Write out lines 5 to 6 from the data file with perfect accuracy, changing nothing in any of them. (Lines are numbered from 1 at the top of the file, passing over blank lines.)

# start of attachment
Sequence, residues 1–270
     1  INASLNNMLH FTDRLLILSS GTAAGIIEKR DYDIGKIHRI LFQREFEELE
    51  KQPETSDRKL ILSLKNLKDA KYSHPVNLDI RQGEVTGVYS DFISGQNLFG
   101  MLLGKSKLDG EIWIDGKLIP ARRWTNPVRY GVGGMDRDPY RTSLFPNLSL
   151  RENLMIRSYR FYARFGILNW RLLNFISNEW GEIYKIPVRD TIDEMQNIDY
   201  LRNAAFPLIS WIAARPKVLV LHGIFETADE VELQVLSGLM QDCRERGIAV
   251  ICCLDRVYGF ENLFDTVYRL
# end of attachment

   151  RENLMIRSYR FYARFGILNW RLLNFISNEW GEIYKIPVRD TIDEMQNIDY
   201  LRNAAFPLIS WIAARPKVLV LHGIFETADE VELQVLSGLM QDCRERGIAV